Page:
Talk to your pediatrician about your concerns regarding salmonella and your young daughter. It may be a good idea to wait a year or more before indulging your son with his desire for a pet reptile.
Once your pediatrician gives the go-ahead, the risks of owning a reptile (or any pet) can be greatly reduced with proper handling and care. The Association of Reptilian and Amphibian Veterinarians suggests these basic safety precautions for reptile owners of any age:
-- Wash hands with soap and hot water after handling reptiles or after cleaning reptile enclosures.
-- Limit the part of your home that your reptile is allowed to be in, and wash your hands after being in that area.
-- Never allow reptiles in areas of the home where food is prepared. Don't share food or drink with reptiles, and don't eat, drink or smoke while handling them. Don't kiss these pets, no matter how cute you think they are.
-- Do not put reptiles into bathtubs or sinks. Buy a separate tub for bathing these pets. Pour the water down the toilet, and do not use sinks or bathtubs to clean the reptile bathing tub -- or any reptile housing or gear.
-- Supervise older children to be sure they don't touch the pets and then put their fingers in their mouths. Make sure thorough hand-washing follows each exposure to these pets.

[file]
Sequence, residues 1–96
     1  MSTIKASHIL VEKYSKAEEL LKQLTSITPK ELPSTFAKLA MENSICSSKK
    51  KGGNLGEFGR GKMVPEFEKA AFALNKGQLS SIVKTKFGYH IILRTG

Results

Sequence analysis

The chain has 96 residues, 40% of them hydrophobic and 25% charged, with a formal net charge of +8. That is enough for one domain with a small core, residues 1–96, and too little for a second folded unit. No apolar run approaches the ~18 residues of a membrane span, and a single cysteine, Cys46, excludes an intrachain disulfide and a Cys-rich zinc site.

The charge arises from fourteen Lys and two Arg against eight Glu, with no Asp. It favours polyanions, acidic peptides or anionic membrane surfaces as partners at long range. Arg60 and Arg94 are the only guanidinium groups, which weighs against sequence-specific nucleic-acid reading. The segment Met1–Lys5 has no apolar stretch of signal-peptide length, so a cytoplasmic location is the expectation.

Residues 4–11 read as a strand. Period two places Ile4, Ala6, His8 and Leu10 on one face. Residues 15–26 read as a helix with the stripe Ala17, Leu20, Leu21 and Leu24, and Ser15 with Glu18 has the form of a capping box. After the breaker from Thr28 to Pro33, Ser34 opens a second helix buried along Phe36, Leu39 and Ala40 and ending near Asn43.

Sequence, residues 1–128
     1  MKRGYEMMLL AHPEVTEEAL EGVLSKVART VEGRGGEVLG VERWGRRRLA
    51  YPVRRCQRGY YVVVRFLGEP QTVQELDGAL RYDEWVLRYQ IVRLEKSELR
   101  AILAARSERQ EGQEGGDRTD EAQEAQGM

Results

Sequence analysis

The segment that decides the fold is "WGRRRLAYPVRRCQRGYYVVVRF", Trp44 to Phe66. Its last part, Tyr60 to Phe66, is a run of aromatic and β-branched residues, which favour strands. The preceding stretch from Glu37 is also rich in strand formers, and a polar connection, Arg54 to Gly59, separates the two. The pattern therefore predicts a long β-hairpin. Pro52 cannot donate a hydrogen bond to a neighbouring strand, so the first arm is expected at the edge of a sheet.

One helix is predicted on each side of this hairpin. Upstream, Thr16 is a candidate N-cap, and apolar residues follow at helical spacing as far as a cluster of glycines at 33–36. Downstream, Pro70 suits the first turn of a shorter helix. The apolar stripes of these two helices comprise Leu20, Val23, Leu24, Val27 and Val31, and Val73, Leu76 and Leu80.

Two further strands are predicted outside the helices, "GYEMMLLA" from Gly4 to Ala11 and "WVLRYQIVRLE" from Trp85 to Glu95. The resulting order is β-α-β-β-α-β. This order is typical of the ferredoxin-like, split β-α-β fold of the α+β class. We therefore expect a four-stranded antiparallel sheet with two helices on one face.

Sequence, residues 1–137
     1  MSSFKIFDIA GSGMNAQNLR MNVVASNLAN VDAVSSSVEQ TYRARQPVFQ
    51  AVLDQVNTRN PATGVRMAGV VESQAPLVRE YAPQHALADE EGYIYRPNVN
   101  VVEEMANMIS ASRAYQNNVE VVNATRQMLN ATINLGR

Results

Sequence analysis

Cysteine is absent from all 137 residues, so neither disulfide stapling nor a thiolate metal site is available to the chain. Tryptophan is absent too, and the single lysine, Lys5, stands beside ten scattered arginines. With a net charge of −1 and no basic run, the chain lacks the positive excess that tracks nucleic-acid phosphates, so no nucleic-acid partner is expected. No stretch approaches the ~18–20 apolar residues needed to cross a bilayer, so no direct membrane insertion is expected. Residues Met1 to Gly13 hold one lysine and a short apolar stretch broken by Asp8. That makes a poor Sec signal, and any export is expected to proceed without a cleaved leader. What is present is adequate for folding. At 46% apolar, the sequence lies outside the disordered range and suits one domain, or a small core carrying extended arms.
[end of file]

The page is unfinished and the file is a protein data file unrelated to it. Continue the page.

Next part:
The ARAV stresses that the precautions do not mean reptiles shouldn't be kept as pets, but rather that by following basic common sense in handling them, the potential for human health problems can be kept to a minimum. -- Gina Spadafori
(Do you have a pet question? Send it to email@example.com.)
ABOUT PET CONNECTION
Pet Connection is produced by a team of pet-care experts headed by "Good Morning America" veterinarian Dr. Marty Becker and award-winning journalist Gina Spadafori. The two are also the authors of several best-selling pet-care books.
On PetConnection.com there's more information on pets and their care, reviews of products, books and "dog cars," and a monthly drawing for more than $1,000 in pet-care prizes. Contact Pet Connection in care of this newspaper by sending e-mail to firstname.lastname@example.org or by visiting PetConnection.com.
Careful with that stick!